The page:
Five Ways to Take Advantage of Health-Care Reform

The Affordable Care Act offers CUs some opportunities.

August 26, 2013
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While health-care reform means new oversights, obligations, and work, it can create opportunities for credit unions prepared to harness them.

So say Brad Pricer, senior manager, CUNA Mutual Group employee benefits product management, and Annette Bechtold, senior vice president of regulatory affairs and reform initiatives with Digital Benefit Advisors.

Besides—credit unions don’t really have a choice. Although the Obama Administration has delayed until January 15 a key provision of the Patient Protection and Affordable Care Act, (ACA) many other provisions already are in effect.

Pricer and Bechtold advise taking these five steps to take advantage of the opportunities health-care reform can offer your credit union:

1. Don’t wait

The first step is to simply get going. Many employers, including some credit unions, stalled on implementing ACA while awaiting the outcome of the 2012 presidential election.

But no amount of hand-wringing or political rhetoric will repeal the ACA now. It’s time to comply and, if necessary, adjust attitudes.

2. Review health-care plans

Ensure your current health-care offerings meet federal requirements. The Labor Department has started to audit employer-sponsored plans.

Audits are in the early stages, and credit unions don’t appear to have any issues. But these spot-checks are a good reminder the government will hold employers accountable for meeting ACA requirements.

3. Consider opportunities

Instead of focusing on how reform might hamstring employers, credit union leadership could seek out a silver lining.

The rise of public exchanges and the increased demand for private exchanges present a new option for credit unions to switch their benefits plans from a defined benefit model to a defined contribution model. This shift is similar to what most employers did with retirement plans.

This will enable credit unions to better control costs, which has been difficult with the unpredictable annual increases many employers faced in the past decade.

4. Choose wisely

Credit unions switching to exchanges should choose a private exchange that offers the quality their employees expect.

Employees will continue to have questions and issues with their plans and will continue to use work time to resolve them. Customer service difficulties, administrative hassles, and coverage battles could diminish employee productivity and morale.

Rely on brokers and consultants when exploring exchange options. Private exchanges lack track records, so credit unions must negotiate how to handle employee disputes, and ensure safeguards and guarantees are in place so these arrangements benefit the institution and their employees.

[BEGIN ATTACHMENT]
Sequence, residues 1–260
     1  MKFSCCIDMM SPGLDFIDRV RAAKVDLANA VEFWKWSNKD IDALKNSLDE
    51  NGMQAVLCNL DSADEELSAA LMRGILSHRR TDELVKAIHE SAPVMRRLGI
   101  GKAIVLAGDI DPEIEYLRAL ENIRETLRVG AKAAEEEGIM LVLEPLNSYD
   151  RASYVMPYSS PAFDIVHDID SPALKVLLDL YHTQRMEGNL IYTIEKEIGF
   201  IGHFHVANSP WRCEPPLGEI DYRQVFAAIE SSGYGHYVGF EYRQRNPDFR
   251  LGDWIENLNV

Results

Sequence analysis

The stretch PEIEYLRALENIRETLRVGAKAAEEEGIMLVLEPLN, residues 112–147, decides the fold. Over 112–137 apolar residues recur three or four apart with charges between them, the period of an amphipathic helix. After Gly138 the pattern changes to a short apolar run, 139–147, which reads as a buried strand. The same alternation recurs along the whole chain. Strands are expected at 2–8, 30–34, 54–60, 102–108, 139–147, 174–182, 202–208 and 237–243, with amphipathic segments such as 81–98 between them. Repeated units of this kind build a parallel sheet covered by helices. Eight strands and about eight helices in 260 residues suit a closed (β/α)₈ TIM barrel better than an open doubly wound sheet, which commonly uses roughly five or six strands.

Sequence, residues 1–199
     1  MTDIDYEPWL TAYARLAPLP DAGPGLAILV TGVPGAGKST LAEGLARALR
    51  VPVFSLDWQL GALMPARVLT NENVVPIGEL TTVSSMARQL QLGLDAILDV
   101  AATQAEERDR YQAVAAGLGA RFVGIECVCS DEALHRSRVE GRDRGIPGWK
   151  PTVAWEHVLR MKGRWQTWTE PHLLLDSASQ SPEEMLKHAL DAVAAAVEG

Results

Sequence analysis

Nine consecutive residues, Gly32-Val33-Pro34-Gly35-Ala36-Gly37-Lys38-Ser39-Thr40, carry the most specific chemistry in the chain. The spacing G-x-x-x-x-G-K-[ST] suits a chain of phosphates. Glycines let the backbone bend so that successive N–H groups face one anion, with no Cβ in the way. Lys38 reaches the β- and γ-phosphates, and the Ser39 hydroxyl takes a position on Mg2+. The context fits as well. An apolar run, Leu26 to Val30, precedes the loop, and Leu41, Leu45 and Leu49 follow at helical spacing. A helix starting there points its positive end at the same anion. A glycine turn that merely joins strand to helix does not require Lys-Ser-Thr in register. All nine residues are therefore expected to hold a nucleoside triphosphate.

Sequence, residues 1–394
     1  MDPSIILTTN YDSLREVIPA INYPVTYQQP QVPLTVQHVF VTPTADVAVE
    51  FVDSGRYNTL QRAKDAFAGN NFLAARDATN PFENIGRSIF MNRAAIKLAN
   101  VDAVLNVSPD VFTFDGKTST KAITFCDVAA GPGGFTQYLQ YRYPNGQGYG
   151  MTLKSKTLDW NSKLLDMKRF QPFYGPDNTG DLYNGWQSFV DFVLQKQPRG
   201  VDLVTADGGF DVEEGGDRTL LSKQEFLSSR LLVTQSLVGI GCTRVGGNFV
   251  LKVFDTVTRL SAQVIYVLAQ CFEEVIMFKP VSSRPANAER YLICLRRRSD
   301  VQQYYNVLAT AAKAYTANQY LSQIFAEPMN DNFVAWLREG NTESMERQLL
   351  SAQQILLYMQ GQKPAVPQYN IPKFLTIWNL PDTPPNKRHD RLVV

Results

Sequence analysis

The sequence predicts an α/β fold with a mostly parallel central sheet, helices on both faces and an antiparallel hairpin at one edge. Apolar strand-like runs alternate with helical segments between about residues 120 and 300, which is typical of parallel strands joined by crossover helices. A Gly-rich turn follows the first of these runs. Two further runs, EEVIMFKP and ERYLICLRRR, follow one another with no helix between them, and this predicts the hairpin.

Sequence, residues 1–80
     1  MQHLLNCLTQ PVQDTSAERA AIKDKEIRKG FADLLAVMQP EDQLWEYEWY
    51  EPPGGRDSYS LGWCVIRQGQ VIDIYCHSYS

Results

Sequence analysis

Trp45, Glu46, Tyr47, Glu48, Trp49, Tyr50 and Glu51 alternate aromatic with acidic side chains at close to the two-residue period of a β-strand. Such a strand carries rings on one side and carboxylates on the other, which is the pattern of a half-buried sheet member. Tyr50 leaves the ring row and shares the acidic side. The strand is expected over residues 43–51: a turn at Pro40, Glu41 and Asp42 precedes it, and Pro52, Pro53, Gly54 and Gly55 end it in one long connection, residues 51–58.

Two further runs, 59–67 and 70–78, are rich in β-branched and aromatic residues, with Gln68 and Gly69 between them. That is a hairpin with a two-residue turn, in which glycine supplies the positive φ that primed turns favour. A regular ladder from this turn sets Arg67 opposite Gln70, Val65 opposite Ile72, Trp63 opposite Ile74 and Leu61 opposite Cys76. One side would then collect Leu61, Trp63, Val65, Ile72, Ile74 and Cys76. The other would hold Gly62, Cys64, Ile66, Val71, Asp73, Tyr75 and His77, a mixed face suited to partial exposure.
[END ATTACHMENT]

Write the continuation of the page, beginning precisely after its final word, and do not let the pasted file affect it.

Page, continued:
5. Communicate well

Many credit unions use the strength of their benefits to compete for talent. Employees could perceive your moving to an exchange as a departure from a longstanding tradition of providing the best health-care and retirement offerings.

Design and implement thoughtful, honest, and optimistic employee communications. Assuage concerns and assure employees that a defined contribution approach will enable them to maintain or even enrich their health-care coverage.

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Great article! Unfortunately, most employees don’t feel valued or appreciated by their supervisors or employers. In fact, research has shown that the predominant reason team members quit their jobs is because they don’t feel valued. This is in spite of the fact that employee recognition programs have proliferated in the workplace – over 90% of all organizations in the U.S. has some form of employee recognition activities in place. But most employee recognition programs are viewed with skepticism and cynicism – because they aren’t viewed as being genuine in their communication of appreciation. Getting the “employee of the month” award, receiving a certificate of recognition, or a “Way to go, team!” email just don’t get the job done. How do you communicate authentic appreciation? We have found people have different ways that they want to be shown appreciation, and if you don’t communicate in the language of appreciation important to them, you essentially “miss the mark”. Additionally, employees need to receive recognition more than once a year at their performance review. Otherwise, they view the praise as “going through the motions”. A third component of authentic appreciation is that the communication has to be about them personally – not the department, not their group, but something they did. Finally, they have to believe that you mean what you say. How you treat them has to match the words you use. If you are not sure how your team members want to be shown appreciation, the Motivating By Appreciation Inventory ( will identify the language of appreciation and specific actions preferred by each employee. You then can create a group profile for your team, so everyone knows how to encourage one another. Remember, employees want to know that they are valued for what they contribute to the success of the organization. And communicating authentic appreciation in the ways they desire it can make the difference between keeping your quality team members or having a negative work environment that everyone wants to leave. Paul White, Ph.D., is the co-author of The 5 Languages of Appreciation in the Workplace with Dr. Gary Chapman.

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